US interest rates are currently near all-time lows. Broadly speaking, this means that investments made in low risk products (e.g., bonds) are paying little in returns, and so are not highly demanded by investors. Traditionally risk-averse investors have little else to do with cash right now other than to put it into riskier equities, which drives the stock market higher. This model looks at the relative performance of the US stock market given current interest rates. As of June 18, 2021, we observe that relative to a normal interest rate environment the US stock market is Fairly Valued.
Below is our composite chart showing the position of the S&P500 relative to its average position, and adjusted for average interest rates. Read the detail below to understand in inputs and limitations of this model.
There are two core reasons that stock markets and interest rates tend to move inversely with one another.
- Lower Profits. As market interest rates rise, that means that firms who wish to borrow money in order to fund profitable projects will need to pay more in interest payments. This will necessarily lower profits. In some cases, it means the firms will not be able to do the project at all. Lower profits mean lower stock prices, since stock prices are fundamentally a measure of all future profits of a firm. The opposite is true as well - as rates fall firms are able to borrow more, which increases profits and expands economic output.
- Less Demand. As market interest rates rise investors are able to earn higher yields by investing in debt instruments (bonds, etc) rather than equities (stocks). This lowers the demand for stocks, which lowers their prices. Likewise, when interest rates are very low, investors seeking a return on their cash don't have many available choices, and tend to get pushed into riskier assets (lower quality bonds, stocks), in order to make a return. This drives those prices higher.
Suffice it to say here that what we are primarily concerned with is the question: Is the current market fairly valued when considering current interest rates?
Figure 1 below shows the Ten Year Treasury Bond rate over the last ~60 years, from 1962 to present day. Rates spiked in the '70s and '80s as a response to high inflation at the time, and since then have been on a pretty steady downward trajectory.
The average (arithmetic mean) of this rate over the entire timeframe is roughly 6%. Rates haven't been in that neighborhood for about 20 years, but history does suggest that a healthy economy should revert back up to higher rates eventually. ("Eventually" here is quite a loaded term, and speculating on future Fed monetary policy decisions, or on fundamental changes to Fed policy and philosophy, are outside of the scope of this article, but only a Google search away).
Figure 2A below shows the same chart as above, only this time with the 6% average trendline drawn in. Figure 2B in blue shows the real S&P500 over the same time frame, as well is its corresponding trendline. [This comes directly from our S&P500 Model detail, so look there for more detail on the data and trendline.]
Detrending the Data
Instead of looking at the raw values for each of these charts, we can instead think about each of them in terms of their performance relative to their respective trendlines. Are they above or below the respective trend? In the two charts below we map each chart in terms of the number of standard deviations above/below the value of its respective trendline.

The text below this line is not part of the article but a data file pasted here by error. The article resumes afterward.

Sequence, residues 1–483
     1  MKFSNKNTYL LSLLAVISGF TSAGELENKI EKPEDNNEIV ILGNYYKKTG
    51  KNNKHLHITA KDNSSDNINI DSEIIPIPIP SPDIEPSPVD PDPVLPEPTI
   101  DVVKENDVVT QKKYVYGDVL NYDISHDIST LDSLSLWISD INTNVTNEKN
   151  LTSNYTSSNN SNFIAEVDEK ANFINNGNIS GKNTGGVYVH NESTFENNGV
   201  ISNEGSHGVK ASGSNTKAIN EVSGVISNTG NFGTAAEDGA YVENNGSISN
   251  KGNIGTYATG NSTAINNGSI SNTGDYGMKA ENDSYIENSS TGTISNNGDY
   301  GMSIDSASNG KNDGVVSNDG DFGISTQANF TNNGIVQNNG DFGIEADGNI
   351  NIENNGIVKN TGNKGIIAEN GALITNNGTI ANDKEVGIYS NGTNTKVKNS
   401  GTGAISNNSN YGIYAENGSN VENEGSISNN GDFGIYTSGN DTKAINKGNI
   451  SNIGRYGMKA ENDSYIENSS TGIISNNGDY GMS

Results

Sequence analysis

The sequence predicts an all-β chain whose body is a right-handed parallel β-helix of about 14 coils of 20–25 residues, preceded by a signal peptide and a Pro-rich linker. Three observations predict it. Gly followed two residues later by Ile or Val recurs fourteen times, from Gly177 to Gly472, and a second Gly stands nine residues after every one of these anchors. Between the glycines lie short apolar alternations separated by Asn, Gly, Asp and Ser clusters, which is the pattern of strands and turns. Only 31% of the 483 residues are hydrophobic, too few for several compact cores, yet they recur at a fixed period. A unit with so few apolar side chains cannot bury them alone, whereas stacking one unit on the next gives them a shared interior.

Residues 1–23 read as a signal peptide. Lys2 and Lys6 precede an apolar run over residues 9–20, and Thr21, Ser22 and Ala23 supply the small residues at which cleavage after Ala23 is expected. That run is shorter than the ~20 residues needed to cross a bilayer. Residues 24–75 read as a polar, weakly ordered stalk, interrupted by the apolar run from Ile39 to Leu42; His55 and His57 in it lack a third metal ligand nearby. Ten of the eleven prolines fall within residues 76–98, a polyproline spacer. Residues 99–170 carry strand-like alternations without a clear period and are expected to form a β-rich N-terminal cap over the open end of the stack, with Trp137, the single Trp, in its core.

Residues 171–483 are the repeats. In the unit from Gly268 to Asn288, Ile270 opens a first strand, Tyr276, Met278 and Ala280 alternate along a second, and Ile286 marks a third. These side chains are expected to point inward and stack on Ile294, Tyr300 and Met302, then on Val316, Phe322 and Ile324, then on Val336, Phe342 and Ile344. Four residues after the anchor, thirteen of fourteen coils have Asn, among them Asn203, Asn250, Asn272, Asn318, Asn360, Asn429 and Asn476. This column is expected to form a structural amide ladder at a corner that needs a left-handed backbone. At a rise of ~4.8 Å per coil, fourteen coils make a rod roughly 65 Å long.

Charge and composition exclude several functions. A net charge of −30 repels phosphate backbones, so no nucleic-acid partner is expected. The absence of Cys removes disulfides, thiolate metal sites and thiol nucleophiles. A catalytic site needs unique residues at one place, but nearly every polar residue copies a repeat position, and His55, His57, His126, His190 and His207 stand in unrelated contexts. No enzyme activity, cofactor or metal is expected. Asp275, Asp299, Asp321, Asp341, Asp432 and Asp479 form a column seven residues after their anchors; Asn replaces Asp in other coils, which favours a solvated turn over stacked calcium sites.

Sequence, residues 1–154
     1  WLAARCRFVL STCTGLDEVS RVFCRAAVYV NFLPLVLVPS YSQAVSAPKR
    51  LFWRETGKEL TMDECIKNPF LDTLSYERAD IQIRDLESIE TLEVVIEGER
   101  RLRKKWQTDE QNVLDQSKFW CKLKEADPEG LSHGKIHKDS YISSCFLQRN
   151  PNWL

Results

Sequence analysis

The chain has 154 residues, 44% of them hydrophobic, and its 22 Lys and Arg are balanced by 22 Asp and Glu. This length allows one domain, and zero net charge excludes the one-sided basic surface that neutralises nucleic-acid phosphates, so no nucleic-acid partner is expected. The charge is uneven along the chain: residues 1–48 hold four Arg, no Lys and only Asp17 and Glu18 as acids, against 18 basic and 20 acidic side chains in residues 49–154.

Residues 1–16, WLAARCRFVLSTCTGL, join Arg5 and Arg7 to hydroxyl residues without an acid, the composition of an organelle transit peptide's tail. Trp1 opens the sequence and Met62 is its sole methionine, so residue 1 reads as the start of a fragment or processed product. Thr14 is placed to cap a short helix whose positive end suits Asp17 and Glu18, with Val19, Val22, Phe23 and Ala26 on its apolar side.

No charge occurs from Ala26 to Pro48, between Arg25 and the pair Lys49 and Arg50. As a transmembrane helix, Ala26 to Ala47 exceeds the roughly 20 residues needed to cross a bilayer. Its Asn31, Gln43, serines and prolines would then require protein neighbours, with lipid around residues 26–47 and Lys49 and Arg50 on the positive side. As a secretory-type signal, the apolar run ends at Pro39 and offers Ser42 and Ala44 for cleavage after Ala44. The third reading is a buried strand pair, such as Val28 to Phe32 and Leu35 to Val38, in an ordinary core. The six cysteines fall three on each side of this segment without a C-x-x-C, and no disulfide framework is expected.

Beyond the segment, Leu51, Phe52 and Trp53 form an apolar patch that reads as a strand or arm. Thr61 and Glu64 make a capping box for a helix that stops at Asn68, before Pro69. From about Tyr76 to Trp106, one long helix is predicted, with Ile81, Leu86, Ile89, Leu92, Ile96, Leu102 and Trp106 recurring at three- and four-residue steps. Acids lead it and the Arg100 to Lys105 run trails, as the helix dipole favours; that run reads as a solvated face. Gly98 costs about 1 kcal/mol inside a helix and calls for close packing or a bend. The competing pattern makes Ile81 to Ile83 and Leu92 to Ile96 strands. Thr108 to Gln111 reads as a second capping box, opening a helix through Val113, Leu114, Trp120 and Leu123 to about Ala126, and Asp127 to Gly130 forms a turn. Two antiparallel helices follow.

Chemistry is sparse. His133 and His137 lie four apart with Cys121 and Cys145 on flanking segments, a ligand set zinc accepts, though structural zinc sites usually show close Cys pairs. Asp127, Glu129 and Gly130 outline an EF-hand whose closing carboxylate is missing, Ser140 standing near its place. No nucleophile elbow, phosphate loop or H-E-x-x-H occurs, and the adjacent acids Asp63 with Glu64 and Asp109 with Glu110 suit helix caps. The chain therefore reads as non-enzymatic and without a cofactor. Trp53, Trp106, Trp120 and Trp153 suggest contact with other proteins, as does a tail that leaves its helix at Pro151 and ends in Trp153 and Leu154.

You can see in the left chart that the most current 10Year interest rate is about ~1.75 standard deviations below normal. Likewise, you can see in the chart to the right that the S&P500 is currently ~1.6 standard deviations above its trendline. As explained above, it is not surprising that this is the case. We should generally expect that when interest rates are relatively high, stocks should be relatively low, and vice versa.
As mentioned above, we should generally expect that when interest rates are relatively high, stocks should be relatively low. What ought to be very interesting to us is when interest rates and stock prices are in the same phase (both high or both low, relative to their trendlines). Since we are already expressing data in both charts in terms of standard deviations above/below trend, we can just sum the two charts together to see where they are out of phase.
Figure 4 above shows our final chart. The two relative performance indicators for interest rates (red) and stocks (blue) have been combined, showing a composite value in purple. When greater than zero, this indicates that rates are high, and stocks are also high. The peak here is during the 2000 internet bubble. During this time stocks prices were very high, but bond prices were right around average... meaning that even though investors had other good options to invest in, and despite the high interest rates firms needed to pay in order to borrow money, stocks were still very high. That's a clear bubble - which we all know in retrospect popped loudly and abruptly.
On those merits, we are not in a similar bubble today. As of June 18, 2021, the 10Y Treasury bond rate was 1.57%, which is 1.5 standard deviations below normal. Likewise, the S&P500 value of $4,166 is 2.2 standard deviations above its own respective trendline. Summed together, this gives a composite value of 0.7 standard deviations above normal, indicating that stocks are currently Fairly Valued.
The below table cites all data and sources used in constructing the charts, or otherwise referred to, on this page.